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Jung Yun '07

Earlier this year, my editor at Picador asked me to submit the acknowledgments section for my first novel, Shelter, which will be published in the spring of 2016. [Editor’s Note: Shelter will be released in the US and the UK on March 1, 2016 by Picador USA and Picador Books, respectively.] After several years of carefully picking, choosing, and laboring over every word of my manuscript, I was surprised by how easy it was to write the acknowledgments, which began with my gratitude to the MFA Program for Poets and Writers.  

I applied to the MFA program because I wanted to write, but like many people, I wasn’t getting anywhere on my own. At the time, I was living in New York and working at a large performing arts organization that regularly demanded 90- to 100-hour weeks. Although I loved what I did and had trained for a career in not-for-profit service, my life was completely out of balance. I worked, slept, ate, and went back to work, which left me no time to write and embarrassingly little time to read – the very two things that every writer needs to do daily. Going back to graduate school for the second time in a completely different discipline was a major decision, but one that felt necessary in order to bring my desire to write into balance with my desire to help others.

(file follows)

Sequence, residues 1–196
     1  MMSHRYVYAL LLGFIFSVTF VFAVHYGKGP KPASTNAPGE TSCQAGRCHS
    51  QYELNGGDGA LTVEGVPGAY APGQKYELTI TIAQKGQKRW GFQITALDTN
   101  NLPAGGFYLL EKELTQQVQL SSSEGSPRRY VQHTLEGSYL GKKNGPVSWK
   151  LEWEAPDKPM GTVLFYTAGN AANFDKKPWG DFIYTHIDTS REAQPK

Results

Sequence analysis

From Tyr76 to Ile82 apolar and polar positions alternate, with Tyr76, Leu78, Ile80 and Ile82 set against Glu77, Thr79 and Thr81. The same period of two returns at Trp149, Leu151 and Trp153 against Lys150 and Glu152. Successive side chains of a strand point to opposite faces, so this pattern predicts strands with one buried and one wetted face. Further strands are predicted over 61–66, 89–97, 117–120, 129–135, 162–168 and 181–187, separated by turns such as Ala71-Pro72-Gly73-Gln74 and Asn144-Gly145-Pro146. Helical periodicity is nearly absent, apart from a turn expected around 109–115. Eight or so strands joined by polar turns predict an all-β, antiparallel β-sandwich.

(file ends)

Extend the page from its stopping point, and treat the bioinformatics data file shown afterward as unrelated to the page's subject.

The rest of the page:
In many ways, my time in the program was a combination of fulfilled expectations and happy, unexpected surprises. My creative writing workshops were exactly what I hoped they would be – challenging, supportive, and critical to my development as a writer. I met terrific readers in these classes, many of whom I still turn to for feedback, and made meaningful friendships that continue to this day. But other things happened over the years that I didn’t quite expect, things that have had a huge impact on my life post-graduation. Who would have guessed that having a conversation about The Autobiography of an Ex-Colored Man with Joe Skerrett would become the inspiration for the book I’m currently writing? Or that participating in the Oxford Summer Seminar would help me develop some important connections to the literary community in the U.K., where my novel will be published next year? Or that my graduate TA-ship at the Center for Teaching would stimulate my interest in pedagogy and student learning, which led to the career I have now?  

Today, I serve as the Director of New Faculty Initiatives at the UMass Amherst Institute for Teaching Excellence and Faculty Development. Every morning, I get up at 4:30 to write fiction and then spend my day on campus developing programs that support the faculty in their dual roles as teachers and scholars. This isn’t where I expected to land when I first came to UMass, but it’s the perfect combination – dare I say balance – of deeply focused time on my own work, and collaborative time on work that supports others, which has turned out to be the happiest surprise of all.